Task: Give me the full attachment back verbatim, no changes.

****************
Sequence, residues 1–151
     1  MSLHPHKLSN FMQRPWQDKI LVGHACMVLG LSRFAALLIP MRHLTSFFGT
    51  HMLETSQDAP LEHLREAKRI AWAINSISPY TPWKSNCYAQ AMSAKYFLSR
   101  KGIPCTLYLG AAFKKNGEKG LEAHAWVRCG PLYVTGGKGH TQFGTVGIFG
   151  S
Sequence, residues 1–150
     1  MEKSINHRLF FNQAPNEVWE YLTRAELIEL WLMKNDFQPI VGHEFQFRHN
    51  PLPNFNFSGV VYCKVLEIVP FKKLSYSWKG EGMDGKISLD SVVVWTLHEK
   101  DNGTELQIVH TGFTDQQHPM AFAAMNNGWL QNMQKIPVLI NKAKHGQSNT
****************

Sequence, residues 1–151
     1  MSLHPHKLSN FMQRPWQDKI LVGHACMVLG LSRFAALLIP MRHLTSFFGT
    51  HMLETSQDAP LEHLREAKRI AWAINSISPY TPWKSNCYAQ AMSAKYFLSR
   101  KGIPCTLYLG AAFKKNGEKG LEAHAWVRCG PLYVTGGKGH TQFGTVGIFG
   151  S
Sequence, residues 1–150
     1  MEKSINHRLF FNQAPNEVWE YLTRAELIEL WLMKNDFQPI VGHEFQFRHN
    51  PLPNFNFSGV VYCKVLEIVP FKKLSYSWKG EGMDGKISLD SVVVWTLHEK
   101  DNGTELQIVH TGFTDQQHPM AFAAMNNGWL QNMQKIPVLI NKAKHGQSNT